One of the most noticeable things about James Beard Award-winning chef Alon Shaya’s big new Denver restaurant is how obviously feminine it feels. At Safta, orchids line the shelves, roses climb the glassware, blonde wood crosses the tables, a soft pink wallpaper and blush tiles cover all the walls. For a restaurant named after the Hebrew word for grandmother, the vibe makes sense. For a chef who months ago parted ways with high-profile restaurateur John Besh and the New Orleans-based Besh Restaurant Group, accused by 25 former and current employees of sexual harassment, the setting now makes a statement.
“We worked really hard on creating an atmosphere that makes you feel really comfortable,” Shaya said regarding the space and decor on the second floor of the industrial new Source Hotel. “And like you’re ready to dive into some roasted cabbage or some hummus,” he added on a lighter note.
Safta is the second Israeli restaurant of Shaya’s newly formed Pomegranate Hospitality group. On its webpage, the company’s mission states: “We will spend our days together in a place where everyone feels comfortable and safe. We will create a space, whether in our restaurants or throughout our community and beyond focused on furthering love, mutual respect and professional and personal fulfillment.”
“You can’t just do these things, you have to set the structure for these things to happen,” Shaya says. After opening his first restaurant, Saba (Hebrew for grandfather), in May in New Orleans, Shaya and his wife Emily bought a home in Denver and now plan on splitting their time between the two cities. Along with incorporating into larger Colorado life, they’re building their own, smaller community.
At Safta, the dining room will only open five days a week for lunch and dinner. In between each service, the restaurant will close for a “proper family meal” as well as weekly staff lunch and learn sessions. Employees are receiving formal mentoring and health benefits. In return for a balanced life in an often unbalanced industry, the staff went through a rigorous vetting process.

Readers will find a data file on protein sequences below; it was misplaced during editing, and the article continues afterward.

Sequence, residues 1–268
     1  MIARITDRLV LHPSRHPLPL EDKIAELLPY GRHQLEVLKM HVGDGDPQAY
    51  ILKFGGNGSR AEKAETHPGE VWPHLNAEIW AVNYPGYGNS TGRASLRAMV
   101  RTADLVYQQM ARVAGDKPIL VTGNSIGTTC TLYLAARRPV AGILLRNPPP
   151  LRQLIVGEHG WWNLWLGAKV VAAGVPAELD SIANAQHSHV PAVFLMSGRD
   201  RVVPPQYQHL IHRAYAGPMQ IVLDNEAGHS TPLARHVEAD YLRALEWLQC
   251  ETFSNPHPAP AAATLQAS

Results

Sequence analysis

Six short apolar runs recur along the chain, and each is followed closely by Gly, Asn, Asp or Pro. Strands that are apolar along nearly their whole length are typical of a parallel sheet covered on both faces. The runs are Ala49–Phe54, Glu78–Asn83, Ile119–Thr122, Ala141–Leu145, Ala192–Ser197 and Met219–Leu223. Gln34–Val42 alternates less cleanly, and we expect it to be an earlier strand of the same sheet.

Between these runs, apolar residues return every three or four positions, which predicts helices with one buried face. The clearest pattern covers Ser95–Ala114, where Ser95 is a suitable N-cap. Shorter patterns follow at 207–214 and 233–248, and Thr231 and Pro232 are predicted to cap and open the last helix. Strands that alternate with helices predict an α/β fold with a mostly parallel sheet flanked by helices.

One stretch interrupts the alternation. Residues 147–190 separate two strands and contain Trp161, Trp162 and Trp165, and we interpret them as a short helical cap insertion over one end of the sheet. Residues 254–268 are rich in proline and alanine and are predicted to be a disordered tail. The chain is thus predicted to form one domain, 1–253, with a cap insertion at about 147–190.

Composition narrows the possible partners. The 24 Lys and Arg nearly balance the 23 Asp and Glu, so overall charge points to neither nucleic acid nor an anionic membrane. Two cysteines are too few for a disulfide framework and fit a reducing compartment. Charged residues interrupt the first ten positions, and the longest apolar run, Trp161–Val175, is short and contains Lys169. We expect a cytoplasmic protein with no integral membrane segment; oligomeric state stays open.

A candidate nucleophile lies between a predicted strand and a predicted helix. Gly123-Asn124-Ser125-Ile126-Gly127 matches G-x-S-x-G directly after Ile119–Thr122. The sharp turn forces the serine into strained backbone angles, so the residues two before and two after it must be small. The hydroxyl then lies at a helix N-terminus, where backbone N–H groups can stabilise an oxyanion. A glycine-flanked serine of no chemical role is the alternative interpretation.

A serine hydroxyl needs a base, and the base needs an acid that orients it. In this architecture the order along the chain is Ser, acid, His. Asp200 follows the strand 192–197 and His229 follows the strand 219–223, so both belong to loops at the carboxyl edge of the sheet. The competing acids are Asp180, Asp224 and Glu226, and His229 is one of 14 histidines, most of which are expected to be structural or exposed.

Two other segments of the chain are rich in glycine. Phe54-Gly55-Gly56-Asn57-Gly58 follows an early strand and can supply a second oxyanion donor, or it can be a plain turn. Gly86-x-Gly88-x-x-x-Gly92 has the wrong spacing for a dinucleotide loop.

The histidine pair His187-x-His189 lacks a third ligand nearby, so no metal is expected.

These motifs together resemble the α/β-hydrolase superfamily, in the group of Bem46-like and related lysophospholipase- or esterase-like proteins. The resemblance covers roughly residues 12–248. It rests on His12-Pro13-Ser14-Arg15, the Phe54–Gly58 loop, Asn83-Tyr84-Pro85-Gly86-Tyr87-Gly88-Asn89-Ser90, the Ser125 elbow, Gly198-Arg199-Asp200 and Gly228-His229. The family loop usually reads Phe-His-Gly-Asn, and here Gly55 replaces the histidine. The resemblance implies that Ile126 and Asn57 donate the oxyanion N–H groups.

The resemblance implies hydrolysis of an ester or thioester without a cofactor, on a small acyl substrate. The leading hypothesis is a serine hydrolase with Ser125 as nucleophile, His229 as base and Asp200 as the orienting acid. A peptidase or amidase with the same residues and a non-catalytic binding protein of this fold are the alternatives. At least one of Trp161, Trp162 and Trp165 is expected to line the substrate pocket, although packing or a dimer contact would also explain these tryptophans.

“Are you someone that’s going to communicate well? Are you going to be respectful to people? Are you going to be accountable and hold people accountable if they’re messing up?” were some of the questions the Shayas asked applicants early. About 70 percent of those hired in the end were women.
Jessica Nowicki, who moved from Chicago, leads the kitchen alongside pastry chef Liliana Myers, formerly of Frasca. Ashley Wakeman, who came from Hop Alley, is Safta’s general manager. Chelsea Little, most recently of Ultreia, runs the bar program. “They just crush it,” Shaya said by way of explanation. “We interviewed a lot of people.”
The whole staff is preparing for Safta’s grand opening Saturday at The Source Hotel. Diners can expect a menu of five types of hummus, salatim or Israeli salads and spreads, small plates of grains and vegetables, and larger portions of meats like harissa-smoked chicken or pomegranate-braised lamb shank. The spice-forward foods will go well with wines from — among other regions — Greece, Hungary, Morocco, and Slovenia.
“The beautiful thing about Israeli food, it’s like saying American food,” Shaya said. “Polish is Israeli food. And so is Russian, and so is Greek, Yemenite, Palestinian, and Moroccan. […] It doesn’t have to be one thing, it’s not about one person’s grandmother, it’s not about one place or food, it’s about this feeling of comfort.”
Status: Safta opens for lunch and dinner from 11 a.m. to 2:30 p.m. and from 5 p.m. to 11 p.m. on Saturday, August 18 at The Source Hotel, 3330 Brighton Boulevard. The restaurant will open every Wednesday through Sunday for lunch and dinner. Safta’s Market Hall, selling coffee, pastries, and quick meals, will open daily starting from 10 a.m. until 10 p.m. and 11 p.m. on weekends. Check the website for updated hours, menus, and information.